(this blogpost, written by Diamond Kinetics co-founder Dr. William Clark, originally appeared on The Season blog by GameChanger. It can be found here. Dr. William Clark is the co-founder of Diamond Kinetics and has been an active researcher and innovator in the field of dynamic systems and control for over 25 years. He is currently Professor of Mechanical Engineering and Materials Science at the University of Pittsburgh. His research has focused on sensors and actuators, smart materials and structures, energy harvesting and mechatronics, and he has written over 100 technical papers on these subjects.)
Generally speaking, when a hitter steps up to the plate, his or her goal is to hit the ball as “hard” as possible (with a few exceptions, such as a sacrifice fly or a ground ball behind the runner).
Technically speaking, this means that the goal is to make the ball leave the bat with the highest velocity possible. High exit speed means that a fly ball at the proper angle will clear the outfield fence, or a line drive or ground ball will get through to the outfield before an infielder can stop it.
So what is required to hit the ball “hard”?
In a nutshell, a well-hit ball means that the hitter swung the bat such that the best part of the bat made the truest contact with the ball while moving as fast as possible. That’s a lot of variables.
While bat speed has received a great deal of attention related to its importance in hitting, it is but one of many pieces to the puzzle. There is no doubt that bat speed is important – ball exit speed is directly proportional to the relative speed between ball and bat – but getting the other variables right can produce beautiful results with less than home run derby bat speed.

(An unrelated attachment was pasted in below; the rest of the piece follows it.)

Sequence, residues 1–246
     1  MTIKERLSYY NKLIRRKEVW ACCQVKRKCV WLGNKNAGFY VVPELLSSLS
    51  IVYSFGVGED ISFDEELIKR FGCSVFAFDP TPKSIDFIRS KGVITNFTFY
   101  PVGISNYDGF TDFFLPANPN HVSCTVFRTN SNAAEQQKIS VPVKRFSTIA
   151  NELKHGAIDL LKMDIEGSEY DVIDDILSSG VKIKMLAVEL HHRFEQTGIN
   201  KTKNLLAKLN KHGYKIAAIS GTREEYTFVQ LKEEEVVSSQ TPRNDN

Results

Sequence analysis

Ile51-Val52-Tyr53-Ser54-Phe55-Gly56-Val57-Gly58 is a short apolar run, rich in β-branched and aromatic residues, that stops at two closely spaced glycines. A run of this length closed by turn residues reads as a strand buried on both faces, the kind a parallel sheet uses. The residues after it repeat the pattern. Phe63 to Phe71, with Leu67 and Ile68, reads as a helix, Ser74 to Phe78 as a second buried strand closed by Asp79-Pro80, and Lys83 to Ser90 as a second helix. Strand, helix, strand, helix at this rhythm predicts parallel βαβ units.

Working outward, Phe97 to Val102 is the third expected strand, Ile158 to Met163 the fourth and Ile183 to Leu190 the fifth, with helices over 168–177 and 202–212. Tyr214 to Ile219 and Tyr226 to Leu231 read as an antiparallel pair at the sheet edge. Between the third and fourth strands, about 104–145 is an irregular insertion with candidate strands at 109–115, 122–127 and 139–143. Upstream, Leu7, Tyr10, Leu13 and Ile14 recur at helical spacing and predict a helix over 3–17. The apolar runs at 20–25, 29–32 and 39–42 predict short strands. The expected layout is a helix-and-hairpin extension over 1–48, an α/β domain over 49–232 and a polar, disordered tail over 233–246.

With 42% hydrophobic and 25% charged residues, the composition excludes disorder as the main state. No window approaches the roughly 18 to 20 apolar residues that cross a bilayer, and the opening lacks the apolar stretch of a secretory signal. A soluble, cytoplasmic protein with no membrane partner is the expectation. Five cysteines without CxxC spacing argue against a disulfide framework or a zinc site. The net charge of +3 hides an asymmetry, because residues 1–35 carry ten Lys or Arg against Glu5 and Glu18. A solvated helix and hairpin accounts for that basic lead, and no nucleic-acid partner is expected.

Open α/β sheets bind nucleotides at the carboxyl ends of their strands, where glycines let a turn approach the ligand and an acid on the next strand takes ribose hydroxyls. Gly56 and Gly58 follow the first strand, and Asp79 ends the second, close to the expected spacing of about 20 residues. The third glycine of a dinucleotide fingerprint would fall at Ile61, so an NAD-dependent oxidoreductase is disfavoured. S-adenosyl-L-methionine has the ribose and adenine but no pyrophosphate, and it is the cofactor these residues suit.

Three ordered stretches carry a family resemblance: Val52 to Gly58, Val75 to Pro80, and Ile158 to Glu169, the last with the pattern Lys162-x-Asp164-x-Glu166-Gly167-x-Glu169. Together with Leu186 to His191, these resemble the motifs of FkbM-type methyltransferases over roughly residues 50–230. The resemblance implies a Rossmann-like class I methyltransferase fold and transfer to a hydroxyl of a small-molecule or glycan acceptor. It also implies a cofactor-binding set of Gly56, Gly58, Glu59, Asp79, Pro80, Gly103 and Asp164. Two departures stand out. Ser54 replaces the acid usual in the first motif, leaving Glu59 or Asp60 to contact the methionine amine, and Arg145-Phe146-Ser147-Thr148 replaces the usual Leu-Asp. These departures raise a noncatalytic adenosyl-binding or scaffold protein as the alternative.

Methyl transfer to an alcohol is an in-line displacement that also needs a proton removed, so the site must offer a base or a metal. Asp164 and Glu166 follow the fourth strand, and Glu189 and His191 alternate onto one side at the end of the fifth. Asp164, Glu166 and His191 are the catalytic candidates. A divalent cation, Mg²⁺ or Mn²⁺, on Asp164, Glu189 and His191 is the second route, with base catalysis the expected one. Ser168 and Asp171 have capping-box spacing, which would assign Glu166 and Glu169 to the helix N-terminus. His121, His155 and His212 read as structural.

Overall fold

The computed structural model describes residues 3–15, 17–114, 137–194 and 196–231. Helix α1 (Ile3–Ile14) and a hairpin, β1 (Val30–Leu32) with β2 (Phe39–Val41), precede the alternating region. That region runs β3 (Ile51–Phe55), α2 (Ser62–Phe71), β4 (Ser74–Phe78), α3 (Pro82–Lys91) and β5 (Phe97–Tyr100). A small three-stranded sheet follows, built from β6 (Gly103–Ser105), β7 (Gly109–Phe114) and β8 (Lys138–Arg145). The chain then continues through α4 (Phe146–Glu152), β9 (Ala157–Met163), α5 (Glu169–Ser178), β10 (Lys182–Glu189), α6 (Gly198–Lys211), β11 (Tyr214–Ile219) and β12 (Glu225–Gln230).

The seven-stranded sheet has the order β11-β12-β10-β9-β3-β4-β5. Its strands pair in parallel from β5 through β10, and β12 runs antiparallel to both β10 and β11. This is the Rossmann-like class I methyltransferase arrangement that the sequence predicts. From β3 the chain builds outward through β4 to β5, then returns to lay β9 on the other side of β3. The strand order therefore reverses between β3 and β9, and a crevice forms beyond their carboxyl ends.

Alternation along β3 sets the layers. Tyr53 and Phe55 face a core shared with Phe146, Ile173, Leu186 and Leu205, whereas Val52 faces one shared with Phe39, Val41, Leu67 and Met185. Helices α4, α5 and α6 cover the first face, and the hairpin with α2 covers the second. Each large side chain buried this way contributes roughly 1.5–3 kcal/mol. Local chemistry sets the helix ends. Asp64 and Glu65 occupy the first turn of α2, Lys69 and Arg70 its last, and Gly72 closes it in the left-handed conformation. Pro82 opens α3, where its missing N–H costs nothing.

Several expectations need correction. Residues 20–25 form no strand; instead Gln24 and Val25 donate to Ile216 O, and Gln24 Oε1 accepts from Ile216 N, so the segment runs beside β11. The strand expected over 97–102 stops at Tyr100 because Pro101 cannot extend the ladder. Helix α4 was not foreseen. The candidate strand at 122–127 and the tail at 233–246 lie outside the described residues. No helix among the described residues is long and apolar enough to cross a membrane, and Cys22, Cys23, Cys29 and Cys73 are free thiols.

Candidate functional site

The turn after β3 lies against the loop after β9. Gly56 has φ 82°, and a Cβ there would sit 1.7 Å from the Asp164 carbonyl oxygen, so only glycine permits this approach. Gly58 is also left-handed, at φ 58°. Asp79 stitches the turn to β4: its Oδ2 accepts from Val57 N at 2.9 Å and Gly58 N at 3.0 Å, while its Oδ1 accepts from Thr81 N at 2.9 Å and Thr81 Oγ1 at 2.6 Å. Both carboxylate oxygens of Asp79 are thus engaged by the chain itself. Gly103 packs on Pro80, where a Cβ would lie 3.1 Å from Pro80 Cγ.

Making contact with the ball away from the “sweet spot” – which is defined many different ways, but generally considered to be the optimal segment of the bat for impact to occur based on vibration characteristics, barrel mechanics, and mass distribution – can result in a notable drop-off in ball exit speed. Likewise, hitting the ball “squarely” involves alignment of multiple axes, two trajectories, two round surfaces, and proper timing with the pitch, so a minor misalignment can also greatly affect ball exit speed and path.
This means that a lot of things must happen correctly in the batter’s box to “square up the ball” and hit it hard, with or without high bat speed. In addition to those things, one can’t neglect the importance of making the right decision in the dugout by selecting the proper bat. A player can swing a very light bat very fast, but that won’t provide as much momentum to generate high exit speed after impact than a heavier bat swung at the same speed. Conversely, at some point a bat becomes too heavy to swing fast and control well.
So bat speed is important in hitting, and very high bat speed can go a long way toward masking deficiencies in contact, but there are many other factors – both in and out of the batter’s box – that warrant a great deal of attention as one works to become a good hitter.